Our editor Therese Ciesinski discovers fall fruits resembling bunches of miniature pumpkins that area ideal for decorative seasonal arrangements.
A few weeks ago a friend gave me a gift. It appeared to be clusters of plastic mini-pumpkins, and I shuddered inwardly, since plastic plants are an affront to all that is natural and wholesome in this world. Plus, they get dusty.
Close examination revealed that they were not plastic at all. Every one was real. Tiny, almost unnaturally shiny orange, yellow and green “pumpkins” dangled from fibrous green stems. Whimsical and weird at the same time.
This I had not seen before. So I asked The Great Oz (Google), “What manner of plant is this?” and he replied: Solanum aethiopicum. Common name: pumpkin on a stick.
The name brings up images of those deep-fried novelty foods sold at state fairs across the country. And pumpkin on a stick is indeed edible, but apparently not too tasty (all reports say it’s bitter). Even so, this eggplant relative is used in some Asian cuisine, but in this part of the world it’s not grown as an edible, but for its usefulness as an autumnal decoration.
This year, look for it at florist’s shops to decorate your fireplace mantel or Thanksgiving table. Next year, why not grow it. Start seeds indoors six weeks before your last frost date and plant outdoors after the chance of frost has past. Give S. aethiopicum full sun, rich soil, and space them about 3 feet apart. Plants get to be about 3 feet tall with large green leaves. Harvest in about 75 days, when the fruits have reached a deep orange color.
Find seeds at:
Therese Ciesinski, Garden Variety’s Editor-at-Large, is the longtime former editor of Organic Gardening magazine. She has won multiple awards from the Garden Writers Association and has lectured across the U.S. on gardening, horticulture and living an organic lifestyle. A New York University graduate, Therese has been a master gardener in both Rhode Island and Pennsylvania. She lives in a little log cabin next to a trout stream in Lehigh Valley, Pennsylvania, where she maintains a shade-shrouded garden. She loves roses but her sunlight-challenged property has left her trying to fall for hostas instead. She enjoys home renovation projects, travel and is a self-confessed “picker” who buys and sells antiques and vintage finds, especially industrial objects.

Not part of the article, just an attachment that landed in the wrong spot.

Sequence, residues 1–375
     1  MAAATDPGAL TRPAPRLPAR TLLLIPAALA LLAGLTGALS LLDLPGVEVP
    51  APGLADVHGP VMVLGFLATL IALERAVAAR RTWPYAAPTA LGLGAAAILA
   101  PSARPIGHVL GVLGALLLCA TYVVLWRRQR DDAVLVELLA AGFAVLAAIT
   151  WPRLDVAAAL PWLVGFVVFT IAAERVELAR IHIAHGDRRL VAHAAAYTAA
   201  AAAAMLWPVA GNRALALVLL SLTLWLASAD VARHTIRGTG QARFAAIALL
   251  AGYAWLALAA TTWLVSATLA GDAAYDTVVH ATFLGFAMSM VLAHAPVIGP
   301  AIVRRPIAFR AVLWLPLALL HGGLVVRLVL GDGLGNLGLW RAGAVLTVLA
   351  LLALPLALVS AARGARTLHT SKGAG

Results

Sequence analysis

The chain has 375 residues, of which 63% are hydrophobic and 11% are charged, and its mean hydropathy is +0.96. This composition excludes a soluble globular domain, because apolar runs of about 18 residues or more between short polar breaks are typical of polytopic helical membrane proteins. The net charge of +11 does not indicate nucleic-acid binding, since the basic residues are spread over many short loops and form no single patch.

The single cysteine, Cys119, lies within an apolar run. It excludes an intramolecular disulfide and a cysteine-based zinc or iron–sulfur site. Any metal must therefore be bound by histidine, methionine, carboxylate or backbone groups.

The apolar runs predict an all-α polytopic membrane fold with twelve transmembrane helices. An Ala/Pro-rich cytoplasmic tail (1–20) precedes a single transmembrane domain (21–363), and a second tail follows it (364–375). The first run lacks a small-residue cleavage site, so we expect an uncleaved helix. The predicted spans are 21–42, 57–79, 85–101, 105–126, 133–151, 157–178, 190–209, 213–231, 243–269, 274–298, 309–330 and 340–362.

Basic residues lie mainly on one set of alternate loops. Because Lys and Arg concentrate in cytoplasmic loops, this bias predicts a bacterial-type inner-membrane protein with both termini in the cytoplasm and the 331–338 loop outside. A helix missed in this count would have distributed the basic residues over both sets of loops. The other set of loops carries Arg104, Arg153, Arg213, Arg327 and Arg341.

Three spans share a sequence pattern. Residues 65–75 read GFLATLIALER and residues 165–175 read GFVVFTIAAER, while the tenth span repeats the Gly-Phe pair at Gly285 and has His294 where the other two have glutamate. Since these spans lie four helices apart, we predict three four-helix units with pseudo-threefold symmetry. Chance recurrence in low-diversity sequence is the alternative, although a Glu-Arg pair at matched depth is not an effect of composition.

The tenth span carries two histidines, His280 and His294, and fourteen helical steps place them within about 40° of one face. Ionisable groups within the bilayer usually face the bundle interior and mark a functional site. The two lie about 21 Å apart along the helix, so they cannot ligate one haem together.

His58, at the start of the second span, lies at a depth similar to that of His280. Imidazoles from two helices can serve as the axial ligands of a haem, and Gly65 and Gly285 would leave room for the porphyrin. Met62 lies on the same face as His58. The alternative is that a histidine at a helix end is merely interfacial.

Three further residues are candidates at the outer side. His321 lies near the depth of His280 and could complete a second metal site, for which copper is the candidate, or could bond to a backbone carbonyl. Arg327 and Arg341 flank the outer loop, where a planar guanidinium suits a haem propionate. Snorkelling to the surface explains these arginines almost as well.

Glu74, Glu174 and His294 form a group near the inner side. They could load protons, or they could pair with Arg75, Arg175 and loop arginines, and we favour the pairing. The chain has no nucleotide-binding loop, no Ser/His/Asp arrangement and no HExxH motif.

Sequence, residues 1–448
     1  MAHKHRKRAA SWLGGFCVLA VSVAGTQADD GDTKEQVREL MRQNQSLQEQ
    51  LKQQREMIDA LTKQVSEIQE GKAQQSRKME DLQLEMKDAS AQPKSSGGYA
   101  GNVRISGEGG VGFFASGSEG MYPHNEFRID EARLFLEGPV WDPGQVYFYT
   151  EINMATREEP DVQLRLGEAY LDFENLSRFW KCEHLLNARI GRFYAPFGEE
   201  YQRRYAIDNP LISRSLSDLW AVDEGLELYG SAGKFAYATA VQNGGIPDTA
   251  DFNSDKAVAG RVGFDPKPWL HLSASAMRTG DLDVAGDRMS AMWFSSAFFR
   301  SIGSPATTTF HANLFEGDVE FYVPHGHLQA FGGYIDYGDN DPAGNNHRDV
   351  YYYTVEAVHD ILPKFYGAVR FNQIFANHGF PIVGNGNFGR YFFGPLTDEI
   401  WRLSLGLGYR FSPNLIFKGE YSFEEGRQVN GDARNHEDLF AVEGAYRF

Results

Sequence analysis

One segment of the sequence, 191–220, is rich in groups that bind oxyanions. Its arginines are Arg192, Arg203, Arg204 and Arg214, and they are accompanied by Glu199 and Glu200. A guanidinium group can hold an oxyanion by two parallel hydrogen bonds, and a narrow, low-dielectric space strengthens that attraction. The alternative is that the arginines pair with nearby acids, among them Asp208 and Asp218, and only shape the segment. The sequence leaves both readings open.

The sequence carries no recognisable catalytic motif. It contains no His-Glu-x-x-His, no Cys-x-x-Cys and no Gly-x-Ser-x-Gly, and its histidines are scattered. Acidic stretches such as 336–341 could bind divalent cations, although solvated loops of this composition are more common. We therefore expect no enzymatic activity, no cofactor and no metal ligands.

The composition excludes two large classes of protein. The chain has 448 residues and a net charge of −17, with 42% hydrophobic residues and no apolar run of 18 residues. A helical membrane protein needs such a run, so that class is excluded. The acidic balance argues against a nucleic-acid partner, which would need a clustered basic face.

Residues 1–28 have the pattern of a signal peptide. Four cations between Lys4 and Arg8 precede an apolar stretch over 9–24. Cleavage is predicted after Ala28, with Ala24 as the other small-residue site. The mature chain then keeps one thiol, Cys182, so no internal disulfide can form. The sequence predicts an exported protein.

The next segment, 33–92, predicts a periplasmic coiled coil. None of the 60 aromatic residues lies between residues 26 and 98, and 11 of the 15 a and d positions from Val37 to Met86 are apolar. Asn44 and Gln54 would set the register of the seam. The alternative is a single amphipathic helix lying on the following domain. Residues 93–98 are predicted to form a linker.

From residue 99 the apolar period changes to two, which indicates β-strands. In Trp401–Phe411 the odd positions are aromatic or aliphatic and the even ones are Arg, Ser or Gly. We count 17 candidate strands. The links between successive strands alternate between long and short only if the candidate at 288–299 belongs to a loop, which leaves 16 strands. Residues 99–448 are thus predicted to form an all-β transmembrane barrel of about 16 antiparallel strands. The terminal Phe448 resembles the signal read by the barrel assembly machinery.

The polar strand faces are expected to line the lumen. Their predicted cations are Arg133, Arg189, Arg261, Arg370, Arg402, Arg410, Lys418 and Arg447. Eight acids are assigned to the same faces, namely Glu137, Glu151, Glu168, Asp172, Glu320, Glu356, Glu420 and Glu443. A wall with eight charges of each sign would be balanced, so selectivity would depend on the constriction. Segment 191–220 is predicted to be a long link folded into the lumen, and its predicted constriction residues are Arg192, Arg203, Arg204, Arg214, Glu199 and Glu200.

I’ve seen these before and am glad to be reminded of them. I manage a small community garden and I’m always on the lookout for plants, especially non-toxic ones, that will appeal to children and encourage them to become interested in gardening. Like all Solanums, I expect the foliage to be poisonous, but I’ve never seen a child interested in eating the leaves (still, I’ll keep an eye out). Planting these seeds and growing these plants will be a fun project for next spring–thanks for this post!
The foliage is not poisonous, it is eaten similar to spinach, according to all my research. It may be bitter due to excess alkaloids. The fruit is usually eaten while green, and can be eaten raw or cooked. It is said the leaves are more nutritious than the fruit. They may be difficult to germinate, which is why they aren’t widely grown. But to use them strictly for ornamental purposes is truly like wasting food.
Reblogged this on MissingHenryMitchell and commented:
Here’s another plant I need to add to my “must-have” list for next year. I want to always make room for the slightly bizarre and curious things the plant world has to offer us.
Oh they are fabulous! I’d love to have those for fall decorating. It is lovely to see something that little bit different. Lovely post! Dana